The penultimate day in Kasese was spent visiting six women's groups to offer encouragement and to hear some wonderful testimonies.
Three of the groups were from the Kikonzo area around the library and three at St Peter's Church in Nyakasanga.
One of the new groups here at the library (St Steven's group) are on the bottom tier of poverty. They live close to the Queen Elizabeth National Park and had been stealing firewood from the park; not only against the law but very dangerous. Stealing wood is condemned by the rangers of course and these women were chased off by the police. The women have children they need to support so they accepted AWU's invitation to form a group and to give up stealing. They have been together for 8 months and have just had their first loan. They trade in onions and tomatoes.
Lucy (above), who had just lost her husband 2 weeks previously, said "I had nothing to do and was just sitting at home. Through the support of Amaha We Uganda I now sell tomatoes in the market. I praise God because with AWU I can support my orphans.
Jennifer (no photo) said, "I was also at home. A member from Thuyihimbe group shared with me about the AWU groups and brought Amos to meet me. I began saving and was given a loan to buy a bag of cassava flour which I sold on. With the profit I could feed the children. I began with 1 sack but now I can buy 2. People come to my house to buy cassava."
Thuyihimbe Women's Group has been together for two years and is a "mother" group to St Steven's. They began training St Steven's group then brought them to AWU. Amos challenged Thuyihimbe Group to train more and multiply the groups so the whole village of Kikonzo would be trained.
Harriet (left) said, "I was not able to get school fees to send my children to school. Because of my loan from AWU I am able to sell second hand clothes in the market. The profits pay the school fees. I have children in S1 through to S4."
Jane (right) said, "We made a group of 20 women. We were taught to save a little and we could see it growing. We shared out our first loan of 500,000 UGX and I began a business of selling charcoal. I can now buy 20 sacks with my own money and I make a profit. I have repaid my loan."
Amenge Ni Mani Women's group was only 1 month old when we met them. They said that when there is shade they will meet in the library grounds. They mobilised themselves after hearing about Amaha We Uganda and went to speak to the team. The women accepted the way AWU works and now study the word of prayer and have become our newest group. They are of mixed denominations and faiths.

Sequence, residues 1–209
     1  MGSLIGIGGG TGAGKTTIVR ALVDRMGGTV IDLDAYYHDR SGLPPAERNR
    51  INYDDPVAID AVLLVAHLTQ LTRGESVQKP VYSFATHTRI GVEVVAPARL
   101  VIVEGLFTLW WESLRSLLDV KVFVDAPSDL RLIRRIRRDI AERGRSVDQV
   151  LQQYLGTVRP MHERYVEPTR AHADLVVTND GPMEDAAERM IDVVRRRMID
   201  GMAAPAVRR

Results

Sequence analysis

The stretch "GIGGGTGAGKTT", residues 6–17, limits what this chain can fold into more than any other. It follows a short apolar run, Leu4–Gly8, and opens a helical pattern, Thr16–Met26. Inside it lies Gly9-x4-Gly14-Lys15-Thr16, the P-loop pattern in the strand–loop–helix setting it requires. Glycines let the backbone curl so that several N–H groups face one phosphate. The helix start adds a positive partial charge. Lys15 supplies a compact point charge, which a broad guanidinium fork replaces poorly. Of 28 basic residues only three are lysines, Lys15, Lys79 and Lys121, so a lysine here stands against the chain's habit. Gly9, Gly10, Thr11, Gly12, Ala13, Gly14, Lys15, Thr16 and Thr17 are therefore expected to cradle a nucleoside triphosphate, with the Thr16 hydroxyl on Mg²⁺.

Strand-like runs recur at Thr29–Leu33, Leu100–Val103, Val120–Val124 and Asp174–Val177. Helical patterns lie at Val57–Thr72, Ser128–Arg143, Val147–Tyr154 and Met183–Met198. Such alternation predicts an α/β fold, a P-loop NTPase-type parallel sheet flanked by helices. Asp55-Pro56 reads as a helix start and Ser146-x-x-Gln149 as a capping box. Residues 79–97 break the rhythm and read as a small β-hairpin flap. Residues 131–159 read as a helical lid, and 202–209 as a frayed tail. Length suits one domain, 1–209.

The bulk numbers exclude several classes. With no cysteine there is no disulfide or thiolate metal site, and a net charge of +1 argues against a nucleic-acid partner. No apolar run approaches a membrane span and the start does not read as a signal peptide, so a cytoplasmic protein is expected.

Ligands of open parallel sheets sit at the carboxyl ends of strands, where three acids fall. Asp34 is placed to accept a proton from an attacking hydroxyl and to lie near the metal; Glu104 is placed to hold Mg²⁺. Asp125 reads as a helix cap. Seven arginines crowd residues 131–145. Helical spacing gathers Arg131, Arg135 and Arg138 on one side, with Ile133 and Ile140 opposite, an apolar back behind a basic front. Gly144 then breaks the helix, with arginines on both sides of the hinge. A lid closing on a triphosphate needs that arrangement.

Jane (left) said, "We are only a month old but now we are having hope"
Sarah (right) said, "I am giving thanks . I met other ladies who had nothing to do because they didn't work. They said they would stand with me. I have started a small business selling obundu baskets. I know we will do well with Amaha We Uganda."
The three groups above are from St Peter's. The first photo is of the Dorica Group, the second is Namara Group and the third Nyamwamba group.
Dorica and Namara have been together for 7 years (although there is always some movement within groups) and Nyamwamba has been together for 4 months.
Naomi in Dorica group (top left) said," I take a loan to buy onions which I sell for profit. I can then pay the school fees for my children."
Pridas in Dorica Group (top middle) said, "AWU helped in many things. I had loans from AWU which meant I could buy tomatoes and egg plants which I sell. The profits pay for food to eat and my children's school fees. I was able to give my child with problems in P7 a business to make chapati."
Miele in Namara Group (top right) said, "AWU is not only teaching us business skills but teaching us to grow spiritually as well. Each meeting starts with the bible. Many in Namara group are widows so we support each other. We can now pay our offertory in church."
Joras in Namara group (bottom left) said, "On our own we would not be sustainable. We meet together and read God's Word. It gives us courage and power to see how to grow spiritually."
Jennifer in Nyamwamba group (bottom middle) said, "After the 4 months we got a loan. I am making great steps forward. I trade in second hand clothes. My business is growing so I am able to keep up with school fees. The loan was used to develop my business. I have children in Nursery top class, P6 and S3."
Doreen in Nyamwamba (bottom right) said, " I am a young mother with a child in nursery. I hope that the loans from AWU will help me. The interest is cheaper."
I hope the testimonies show just how important the women's group's revolving loan is. When AWU can't loan the money because the pot is empty, the women will go to loan sharks who charge exorbitant interest.